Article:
2). Using HCL supplement when you shouldn’t. Anyone who is on prescription or OTC NSAIDS such as aspirin, ibuprofen, or corticosteroids should not be taking supplemental HCL as the drugs themselves can initiate damage to the gastrointestinal tract and HCL may further aggravate the lining.
3). Taking HCL with the wrong food. Since protein simulates stomach acid production more than any other food, it is best taken after a meal of cooked protein.
If you’ve made several diet and lifestyle changes and you’re still not seeing the results you want, low stomach acid might be your quandary. At Center for Holistic Health & Nutrition, we work with the body’s natural physiology to restore healthy gastric functioning.
- Cater RE 2nd. Helicobacter pylori as the major causal factor in chronic hypochlorhydria. Med Hypothesis Dec 1992 Vol39(4):367-74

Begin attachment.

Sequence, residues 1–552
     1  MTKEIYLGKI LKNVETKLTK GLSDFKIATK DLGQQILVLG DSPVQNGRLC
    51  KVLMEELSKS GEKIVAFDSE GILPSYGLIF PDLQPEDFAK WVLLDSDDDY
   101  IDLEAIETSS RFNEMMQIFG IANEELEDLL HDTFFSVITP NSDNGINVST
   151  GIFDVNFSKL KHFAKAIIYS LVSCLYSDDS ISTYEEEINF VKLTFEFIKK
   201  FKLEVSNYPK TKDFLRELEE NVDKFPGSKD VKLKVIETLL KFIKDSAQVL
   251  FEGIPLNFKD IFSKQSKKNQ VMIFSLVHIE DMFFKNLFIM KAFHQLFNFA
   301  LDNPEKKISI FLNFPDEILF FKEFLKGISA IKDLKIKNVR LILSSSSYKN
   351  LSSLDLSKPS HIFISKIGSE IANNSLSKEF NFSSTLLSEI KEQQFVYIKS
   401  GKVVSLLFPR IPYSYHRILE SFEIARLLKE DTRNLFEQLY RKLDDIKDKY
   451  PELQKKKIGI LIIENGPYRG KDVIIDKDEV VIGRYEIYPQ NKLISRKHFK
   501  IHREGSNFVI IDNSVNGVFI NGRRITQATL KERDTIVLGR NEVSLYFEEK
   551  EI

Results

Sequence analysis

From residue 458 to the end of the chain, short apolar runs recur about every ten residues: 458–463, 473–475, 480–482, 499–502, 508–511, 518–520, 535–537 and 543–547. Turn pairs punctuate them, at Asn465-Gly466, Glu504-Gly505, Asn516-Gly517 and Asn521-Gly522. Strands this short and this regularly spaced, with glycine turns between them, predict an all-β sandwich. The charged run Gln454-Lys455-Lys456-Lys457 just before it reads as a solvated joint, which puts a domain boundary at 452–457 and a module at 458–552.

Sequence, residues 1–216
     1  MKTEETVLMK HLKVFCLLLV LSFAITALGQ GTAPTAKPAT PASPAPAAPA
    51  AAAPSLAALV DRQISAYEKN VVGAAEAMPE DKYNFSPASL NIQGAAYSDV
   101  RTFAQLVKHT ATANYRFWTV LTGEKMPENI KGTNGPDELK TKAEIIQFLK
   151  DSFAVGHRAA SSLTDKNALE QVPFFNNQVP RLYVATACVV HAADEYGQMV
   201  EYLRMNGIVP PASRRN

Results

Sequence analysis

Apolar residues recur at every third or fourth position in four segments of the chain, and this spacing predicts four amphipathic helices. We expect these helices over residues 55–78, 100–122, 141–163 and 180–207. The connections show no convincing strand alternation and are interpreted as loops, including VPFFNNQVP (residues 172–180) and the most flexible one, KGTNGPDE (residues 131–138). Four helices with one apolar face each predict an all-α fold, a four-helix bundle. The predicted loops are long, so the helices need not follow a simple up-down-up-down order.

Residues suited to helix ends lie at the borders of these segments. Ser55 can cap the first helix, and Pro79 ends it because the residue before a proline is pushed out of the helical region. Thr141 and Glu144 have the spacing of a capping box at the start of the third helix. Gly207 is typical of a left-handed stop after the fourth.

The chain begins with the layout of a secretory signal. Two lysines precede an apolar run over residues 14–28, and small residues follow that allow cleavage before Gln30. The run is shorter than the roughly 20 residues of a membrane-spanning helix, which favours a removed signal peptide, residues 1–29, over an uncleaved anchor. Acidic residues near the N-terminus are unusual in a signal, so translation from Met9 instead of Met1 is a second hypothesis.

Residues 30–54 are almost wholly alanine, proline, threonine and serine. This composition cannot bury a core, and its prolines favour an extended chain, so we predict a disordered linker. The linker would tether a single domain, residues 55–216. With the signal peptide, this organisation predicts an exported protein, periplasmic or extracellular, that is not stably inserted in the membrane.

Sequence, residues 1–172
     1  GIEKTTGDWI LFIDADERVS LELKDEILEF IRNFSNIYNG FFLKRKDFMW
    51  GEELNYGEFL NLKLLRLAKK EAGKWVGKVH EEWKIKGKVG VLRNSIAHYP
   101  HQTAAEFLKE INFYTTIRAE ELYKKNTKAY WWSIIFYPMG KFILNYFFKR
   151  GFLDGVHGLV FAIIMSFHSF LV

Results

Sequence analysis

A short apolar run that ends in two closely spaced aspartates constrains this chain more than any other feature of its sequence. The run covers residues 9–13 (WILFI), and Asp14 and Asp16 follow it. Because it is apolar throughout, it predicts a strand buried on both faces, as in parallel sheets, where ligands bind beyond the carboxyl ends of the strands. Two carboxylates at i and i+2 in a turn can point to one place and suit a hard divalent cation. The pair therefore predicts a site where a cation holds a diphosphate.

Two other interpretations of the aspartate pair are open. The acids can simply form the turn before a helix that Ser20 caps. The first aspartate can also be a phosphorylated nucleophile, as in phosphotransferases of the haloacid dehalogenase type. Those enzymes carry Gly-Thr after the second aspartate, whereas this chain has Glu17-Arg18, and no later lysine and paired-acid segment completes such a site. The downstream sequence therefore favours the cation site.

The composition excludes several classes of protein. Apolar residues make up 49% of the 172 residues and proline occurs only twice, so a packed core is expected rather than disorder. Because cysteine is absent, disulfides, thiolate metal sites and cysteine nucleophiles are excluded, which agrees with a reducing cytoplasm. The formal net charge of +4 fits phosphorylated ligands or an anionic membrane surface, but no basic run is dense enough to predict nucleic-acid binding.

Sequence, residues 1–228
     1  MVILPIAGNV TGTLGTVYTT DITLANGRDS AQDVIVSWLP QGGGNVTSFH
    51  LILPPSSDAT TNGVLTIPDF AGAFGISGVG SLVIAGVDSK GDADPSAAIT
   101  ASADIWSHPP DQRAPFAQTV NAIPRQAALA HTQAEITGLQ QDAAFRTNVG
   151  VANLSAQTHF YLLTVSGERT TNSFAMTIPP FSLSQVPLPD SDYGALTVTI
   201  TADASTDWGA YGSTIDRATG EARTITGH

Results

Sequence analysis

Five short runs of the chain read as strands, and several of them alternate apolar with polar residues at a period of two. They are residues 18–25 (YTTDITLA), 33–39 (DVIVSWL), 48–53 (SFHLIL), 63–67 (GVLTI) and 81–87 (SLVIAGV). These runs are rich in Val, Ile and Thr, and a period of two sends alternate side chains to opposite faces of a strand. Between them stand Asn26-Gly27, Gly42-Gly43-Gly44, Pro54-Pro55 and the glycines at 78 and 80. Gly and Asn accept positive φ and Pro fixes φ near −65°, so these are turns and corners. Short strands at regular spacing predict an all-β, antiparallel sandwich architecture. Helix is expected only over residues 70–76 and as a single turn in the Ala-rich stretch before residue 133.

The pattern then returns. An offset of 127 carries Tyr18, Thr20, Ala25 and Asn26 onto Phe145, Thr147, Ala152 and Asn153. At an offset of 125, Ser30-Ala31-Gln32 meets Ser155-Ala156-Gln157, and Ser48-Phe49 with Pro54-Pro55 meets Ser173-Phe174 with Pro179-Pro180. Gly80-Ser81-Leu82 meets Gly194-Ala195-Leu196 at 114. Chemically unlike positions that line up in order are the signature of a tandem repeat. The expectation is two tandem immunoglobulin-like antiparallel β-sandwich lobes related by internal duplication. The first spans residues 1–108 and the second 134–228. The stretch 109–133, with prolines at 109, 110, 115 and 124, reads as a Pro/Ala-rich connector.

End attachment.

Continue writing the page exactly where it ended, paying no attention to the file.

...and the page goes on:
- Haas, Elson, MD. http://www.healthy.net/Health/Article/Hydrochloric_Acid/1863
- JAMA. 2013 Dec 11;310(22):2435-42.
- Johnson, L.R. Regulation of pepsin secretion by topical acid in the stomach. Am J Physiol 1972 Oct;223(4):847-50.
- Kennedy, Ron M.D. Hypochlorhydria: The Doctor’s Medical Library. Dec 2014
- Peterson, W.L. The Influence of food, beverages and NSAIDs on gastric acid secretion and mucosal integrity. Yale J Biol Med 1996 Feb;69(1):81-84.
- Reasoner, Jordan. 4 Common Betaine HCl Mistake.http://scdlifestyle.com/2013/10/4-common-betaine-hcl-mistakes
- Siebecker, Allison, ND. Small Intestine Bacteria Overgrowth; The case of the perpetual patient. ndnr, March 2011. www.ndhealthfacts.org
- Wright, Jonathan, MD. Why Stomach Acid is Good for You. The Rowman and Littlefield Pub. Group, Inc. 2001
- Wright, Steve.Hypochlorhydria: 3 Common Signs of Low Stomach Acid. http://scdlifestyle.com/2012/06/hypochlorhydria-3-common-signs-of-low-stomach-acid/
- Yago, Marc Anthony. Gastric re-acidification with betaine HCl in healthy volunteers with rabeprazole-inducted hypochlorhydria. Mol Pharm Nov 4, 2013;10(11):4032-37.
Christine Andrew, CNC, CTT, FMP is a certified nutrition consultant, certified thermography technician, and a functional medicine practitioner. She operates a natural healthcare practice, Center for Holistic Health and Nutrition,at 348 Cernon St. Ste A in Vacaville. She can be reached at www.individualizedwellness.net or www.christineandrew-cnc.com.